GOP Should Learn From Louisiana Election
October 29, 2007
By Doug Patton
Louisiana has always been a strange place. This is, after all, the state that once elected a convicted felon (former Gov. Edwin Edwards) over former KKK leader David Duke on the strength of the sentiment expressed on an Edwards bumper sticker: "Vote for the crook. It's important."
The state patterns its justice system on Napoleonic Law. Its major city sits below sea level. Its history is steeped in a weird combination of influences: French, Spanish, Catholicism, voodoo. Over the years, the state has spawned a bizarre parade of corrupt politicos, from die-hard socialists like Huey and Earl Long to committed incompetents like Ray Nagin and Kathleen Blanco - Democrats all.
But something amazing has happened in Louisiana. Bobby Jindal has been elected governor. Jindal, a 36-year-old Republican whose Indian parents came to the United States mere months before their son was born, was raised a Hindu but later converted to Christianity, becoming a Catholic as a teenager. He is pro-life, pro-family, conservative to his core and committed to cleaning up the corruption that has permeated Louisiana politics for at least a hundred years.
This man is the first non-white to be elected governor of Louisiana since reconstruction, and the first Indian American to be elected to a governorship in the history of the country. A brilliant student who went on to be a Rhodes Scholar, Jindal became head of Louisiana's Health and Human Services Department at the tender age of 24. Four years ago, in 2003, Jindal was defeated for governor by Kathleen Blanco. He went on to win a congressional seat in a landslide in 2004. He was reelected by an even larger margin (88 percent) in 2006, a supposedly Democrat year.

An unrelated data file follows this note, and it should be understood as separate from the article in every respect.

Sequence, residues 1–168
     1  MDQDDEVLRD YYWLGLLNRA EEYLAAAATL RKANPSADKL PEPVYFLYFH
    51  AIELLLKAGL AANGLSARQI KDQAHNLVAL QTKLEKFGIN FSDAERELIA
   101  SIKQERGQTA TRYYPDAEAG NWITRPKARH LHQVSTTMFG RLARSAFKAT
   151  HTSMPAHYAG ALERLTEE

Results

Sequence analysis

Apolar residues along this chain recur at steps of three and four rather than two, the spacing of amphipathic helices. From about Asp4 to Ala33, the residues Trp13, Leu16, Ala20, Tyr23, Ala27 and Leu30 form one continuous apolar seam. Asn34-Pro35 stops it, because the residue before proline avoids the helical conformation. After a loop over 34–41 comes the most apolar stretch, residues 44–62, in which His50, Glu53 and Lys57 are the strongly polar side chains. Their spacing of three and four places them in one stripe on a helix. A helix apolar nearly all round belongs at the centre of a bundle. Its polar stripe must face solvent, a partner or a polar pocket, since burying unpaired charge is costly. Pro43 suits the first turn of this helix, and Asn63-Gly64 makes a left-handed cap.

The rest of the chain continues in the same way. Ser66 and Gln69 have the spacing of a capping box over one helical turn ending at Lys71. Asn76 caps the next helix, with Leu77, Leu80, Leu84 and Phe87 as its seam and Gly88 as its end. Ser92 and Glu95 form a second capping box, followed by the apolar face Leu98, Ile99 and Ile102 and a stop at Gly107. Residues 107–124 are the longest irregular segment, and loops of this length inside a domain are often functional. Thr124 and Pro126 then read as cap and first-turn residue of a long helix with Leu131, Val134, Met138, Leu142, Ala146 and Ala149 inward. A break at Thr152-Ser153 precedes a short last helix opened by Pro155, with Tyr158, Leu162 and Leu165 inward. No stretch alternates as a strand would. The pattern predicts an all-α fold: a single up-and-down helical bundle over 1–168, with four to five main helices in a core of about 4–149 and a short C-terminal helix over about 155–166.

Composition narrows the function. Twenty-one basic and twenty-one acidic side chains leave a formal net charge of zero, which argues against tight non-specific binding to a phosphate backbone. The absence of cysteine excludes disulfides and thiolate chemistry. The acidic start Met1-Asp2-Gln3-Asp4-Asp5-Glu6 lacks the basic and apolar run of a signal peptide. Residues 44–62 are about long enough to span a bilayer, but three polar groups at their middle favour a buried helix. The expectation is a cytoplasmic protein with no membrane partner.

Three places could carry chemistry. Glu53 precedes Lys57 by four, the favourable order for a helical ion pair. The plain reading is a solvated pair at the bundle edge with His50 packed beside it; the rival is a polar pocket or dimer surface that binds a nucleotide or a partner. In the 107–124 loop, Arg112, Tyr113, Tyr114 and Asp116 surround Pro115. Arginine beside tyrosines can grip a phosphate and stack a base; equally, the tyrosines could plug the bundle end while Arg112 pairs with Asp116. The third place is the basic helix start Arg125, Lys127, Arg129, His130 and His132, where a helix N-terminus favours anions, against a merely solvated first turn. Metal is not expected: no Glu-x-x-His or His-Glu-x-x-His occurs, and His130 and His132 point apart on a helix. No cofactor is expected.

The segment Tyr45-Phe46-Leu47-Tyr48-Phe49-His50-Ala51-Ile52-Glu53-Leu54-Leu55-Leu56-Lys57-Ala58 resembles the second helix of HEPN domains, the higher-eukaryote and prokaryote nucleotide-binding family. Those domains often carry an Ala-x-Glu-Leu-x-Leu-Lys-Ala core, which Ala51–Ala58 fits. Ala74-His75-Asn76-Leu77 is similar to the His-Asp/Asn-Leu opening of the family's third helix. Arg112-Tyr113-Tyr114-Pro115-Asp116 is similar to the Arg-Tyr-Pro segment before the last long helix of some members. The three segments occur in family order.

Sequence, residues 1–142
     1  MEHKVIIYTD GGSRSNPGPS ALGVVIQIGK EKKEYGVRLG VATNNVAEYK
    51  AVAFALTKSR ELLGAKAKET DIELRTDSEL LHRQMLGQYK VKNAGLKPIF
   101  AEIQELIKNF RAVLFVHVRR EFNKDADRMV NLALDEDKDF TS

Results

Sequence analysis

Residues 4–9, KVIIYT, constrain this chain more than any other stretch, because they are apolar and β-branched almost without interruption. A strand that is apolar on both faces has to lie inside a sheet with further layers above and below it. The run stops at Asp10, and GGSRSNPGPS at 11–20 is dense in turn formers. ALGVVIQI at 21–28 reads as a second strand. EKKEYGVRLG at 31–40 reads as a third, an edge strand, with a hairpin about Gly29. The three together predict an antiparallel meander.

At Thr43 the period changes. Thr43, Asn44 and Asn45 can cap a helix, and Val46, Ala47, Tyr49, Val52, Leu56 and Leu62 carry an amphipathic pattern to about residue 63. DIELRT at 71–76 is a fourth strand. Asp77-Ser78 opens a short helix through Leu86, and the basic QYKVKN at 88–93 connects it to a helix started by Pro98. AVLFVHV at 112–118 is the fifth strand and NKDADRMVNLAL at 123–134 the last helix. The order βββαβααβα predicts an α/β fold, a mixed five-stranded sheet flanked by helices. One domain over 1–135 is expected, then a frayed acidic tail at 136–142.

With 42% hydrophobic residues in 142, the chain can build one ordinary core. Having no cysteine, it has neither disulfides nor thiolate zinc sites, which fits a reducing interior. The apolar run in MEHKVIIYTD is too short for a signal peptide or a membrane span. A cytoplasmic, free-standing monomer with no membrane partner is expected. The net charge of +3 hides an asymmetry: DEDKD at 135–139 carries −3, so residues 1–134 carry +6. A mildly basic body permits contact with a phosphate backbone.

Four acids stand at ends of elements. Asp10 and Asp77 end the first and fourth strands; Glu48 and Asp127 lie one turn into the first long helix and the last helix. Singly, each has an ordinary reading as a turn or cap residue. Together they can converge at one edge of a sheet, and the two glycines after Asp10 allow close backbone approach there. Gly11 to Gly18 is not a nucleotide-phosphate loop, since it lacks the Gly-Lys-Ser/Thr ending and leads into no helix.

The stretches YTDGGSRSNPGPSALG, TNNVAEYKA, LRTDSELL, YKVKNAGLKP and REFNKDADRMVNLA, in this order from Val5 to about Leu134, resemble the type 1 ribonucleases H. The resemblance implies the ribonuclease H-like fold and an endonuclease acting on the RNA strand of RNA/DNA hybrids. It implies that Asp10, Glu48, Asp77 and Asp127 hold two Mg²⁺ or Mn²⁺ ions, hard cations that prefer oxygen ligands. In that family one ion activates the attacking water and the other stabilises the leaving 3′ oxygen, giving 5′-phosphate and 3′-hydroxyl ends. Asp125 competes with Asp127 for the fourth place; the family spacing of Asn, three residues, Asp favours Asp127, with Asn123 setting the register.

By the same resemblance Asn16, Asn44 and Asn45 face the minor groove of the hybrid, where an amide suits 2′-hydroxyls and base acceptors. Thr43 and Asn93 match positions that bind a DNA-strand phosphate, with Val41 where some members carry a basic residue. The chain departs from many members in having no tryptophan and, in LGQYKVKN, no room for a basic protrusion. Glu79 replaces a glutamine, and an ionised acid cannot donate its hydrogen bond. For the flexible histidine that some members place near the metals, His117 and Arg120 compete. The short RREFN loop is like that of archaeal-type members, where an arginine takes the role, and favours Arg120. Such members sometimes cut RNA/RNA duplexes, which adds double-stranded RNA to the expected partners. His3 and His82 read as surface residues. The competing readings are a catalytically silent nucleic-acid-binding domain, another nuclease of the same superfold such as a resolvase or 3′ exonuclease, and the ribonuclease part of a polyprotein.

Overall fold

So what does Bobby Jindal's election as Louisiana's governor say about the future of GOP politics? As Bill Kristol, editor of "The Weekly Standard" and a Fox News commentator, has said, this is very good news for Republicans.
"He's a very impressive guy," Kristol said. "It's awfully good news for Republicans. Haley Barbour, the Republican governor of Mississippi, one of the two states worst hit (by Hurricane Katrina), is going to get reelected with a huge margin, and the other state which had an incompetent Democratic governor, has now elected a Republican to replace her. Republicans who make a good case for themselves can do well."
Republicans who make a good case for themselves can do well. That statement should be taken to heart by every GOP candidate, campaign manager, speechwriter, press secretary and consultant running for any office next year. And the way to make a good case for themselves is to run as unabashed conservatives.
Ronald Reagan proved that in 1980 when he ran on a platform of lowering taxes, rebuilding our military and bringing the Soviet Union to its knees.
George H. W. Bush proved it again when he said, "Read my lips: no new taxes" in 1988. Too bad he didn't mean it, which is why he lost to Bill Clinton in 1992.
Newt Gingrich proved it in 1994 when he led the Republican Revolution by nationalizing a congressional election, using the Contract with America as the key to that lopsided victory.
When Republicans controlled the White House, the U.S. Senate and the U.S. House of Representatives, they lost the confidence of the American people. Voters repudiated the party last year because Republicans had stopped acting like Republicans. The GOP grew government at a rate dizzying enough to have thoroughly impressed FDR, and they failed utterly at closing our borders after the worst attack in our nation's history.
But the Democrat victory prophesied by every inside-the-beltway pundit writing or broadcasting is not a foregone conclusion. Bobby Jindal has proven that voters will give a conservative a chance to govern if they believe he or she will follow through on the promises that are made to them.